The film is John Carpenter best work I have seen, there are some other films I don't like, Escape From New York (1981) is one of the best cult classic films from John carpenter and Kurt Russell. Kurt Russell's iconic character of all time Snake Plissken is his best roles of all time on the screen, I have ever seen. I also love the sequel to death the same as I love this film. Snake Plissken is an ex-soldier turned criminal, recruited/blackmailed into rescuing a hostage president from the prison of New York City. Lee Van Cleef as Bob Hauk New York Police Commissioner did a great job portraying one of the most memorable characters. I wish he would return in the sequel but he couldn't because 8.later the actor died. Rest in peace Lee.
I love main theme music from John Carpenter and Alan Howarth and I enjoy some action scenes performed from Kurt Russell in the film.
I love this film to death and It is my favorite action science fiction flick of all time I love it.
10/10 Grade: A+ Studio: MGM Home Entertainment Starring: Kurt Russell,Lee Van Cleef,Ernest Borgnine,Donald Pleasence,Isaac Hayes, Harry Dean Stanton, Adrienne Barbeau and Tom Atkins Director: John Carpenter Producers: Larry J. Franco, Debra Hill Screenplay: John Carpenter Nick Castle Rated: R Running Time: 1 Hr. 49 Mins. Budget: $6.000.000 Box Office: $25.244.700
The second historic teaming of filmmaker John Carpenter and actor Kurt
Russell (after the made for TV movie 'Elvis'), "Escape from New York"
is slick entertainment. It's a futuristic actioner that can boast some
believably decrepit environments, a typically simple but effective
Carpenter music score, and a top notch cast led by Russell in a
performance of quiet cool.
Taking place in the "future" year of 1997 (it's amusing, as it always is, to watch this kind of thing when the time period in the movie is now well into the past), it shows us how the island of Manhattan has been turned into a maximum security prison. An enormous wall surrounds the island, and the bridges are mined. Russell plays "Snake" Plissken, a war hero turned antisocial criminal on his way to prison for bank robbery. Meanwhile, revolutionaries take control of Air Force One and crash land inside Manhattan. Now the head honcho of the prison, Bob Hauk (Lee Van Cleef), offers Snake a deal: retrieve the President (Donald Pleasence) and earn his freedom. The catch? He has to pull off the mission within 24 hours, so the President can make it to a critical summit meeting.
Carpenter works with many talented collaborators in front of and behind the camera. The cast also includes Isaac Hayes as a cool but not that menacing villain, Harry Dean Stanton as the aptly named "Brain", Ernest Borgnine as the jovial "Cabbie", Carpenter's then wife Adrienne Barbeau as Brains' girlfriend Maggie, Kurts' ex Season Hubley as a punk girl whom Snake runs into, Tom Atkins as Rehme (a nod to Avco Embassy boss Bob Rehme), and Charles Cyphers as the Secretary of State. There's a number of familiar faces in small parts, too: Frank Doubleday, John Diehl, Nancy Stephens, Bob Minor, Carmen Filpi, George 'Buck' Flower. Carpenters' producer Debra Hill and Jamie Lee Curtis both make voice only contributions. Production designer Joe Alves ("Jaws") and Carpenters' frequent cinematographer Dean Cundey help to create a striking look for the movie.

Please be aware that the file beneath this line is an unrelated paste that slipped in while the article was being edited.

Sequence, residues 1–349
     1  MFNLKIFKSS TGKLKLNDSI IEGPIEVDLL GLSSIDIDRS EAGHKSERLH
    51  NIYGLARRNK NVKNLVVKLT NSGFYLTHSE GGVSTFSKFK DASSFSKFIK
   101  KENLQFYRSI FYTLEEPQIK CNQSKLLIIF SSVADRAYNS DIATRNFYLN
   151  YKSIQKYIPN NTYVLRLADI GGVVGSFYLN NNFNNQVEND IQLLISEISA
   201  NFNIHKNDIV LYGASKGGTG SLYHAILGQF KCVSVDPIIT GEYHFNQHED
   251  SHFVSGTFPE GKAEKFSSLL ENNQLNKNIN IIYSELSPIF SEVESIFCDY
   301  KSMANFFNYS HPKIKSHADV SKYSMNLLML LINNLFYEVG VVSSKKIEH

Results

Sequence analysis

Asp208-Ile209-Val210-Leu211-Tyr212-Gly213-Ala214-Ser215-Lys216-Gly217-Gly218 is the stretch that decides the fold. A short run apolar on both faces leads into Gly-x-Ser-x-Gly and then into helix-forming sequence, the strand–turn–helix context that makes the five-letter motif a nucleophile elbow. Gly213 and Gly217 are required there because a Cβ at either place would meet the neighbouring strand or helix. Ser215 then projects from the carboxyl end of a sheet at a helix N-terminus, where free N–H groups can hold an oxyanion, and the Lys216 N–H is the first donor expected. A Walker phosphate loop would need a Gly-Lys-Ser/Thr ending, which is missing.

The special effects are generally good for the budget available to Carpenter and company. While some of the visuals may seem dated now to modern viewers, they work just fine for the time when this was made. These effects were handled by the people at New World, including none other than James Cameron.
Since the action takes place during the course of a single night, there is a fair amount of urgency to the set-up, and pacing is consistent enough to hold ones' attention. One highlight is seeing Snake being forced to fight a thug inside a wrestling ring (said thug is played by the late Ox Baker).
The ending is quite satisfying, with Snake finding a means of symbolically extending a middle finger to the uncaring authority figures whom he holds in contempt.
Written by Carpenter and Nick Castle, who'd previously acted for the director in the horror classic "Halloween" (where Castle played The Shape), and followed by the belated sequel "Escape from L.A." 15 years later.
Eight out of 10.
*** This review may contain spoilers ***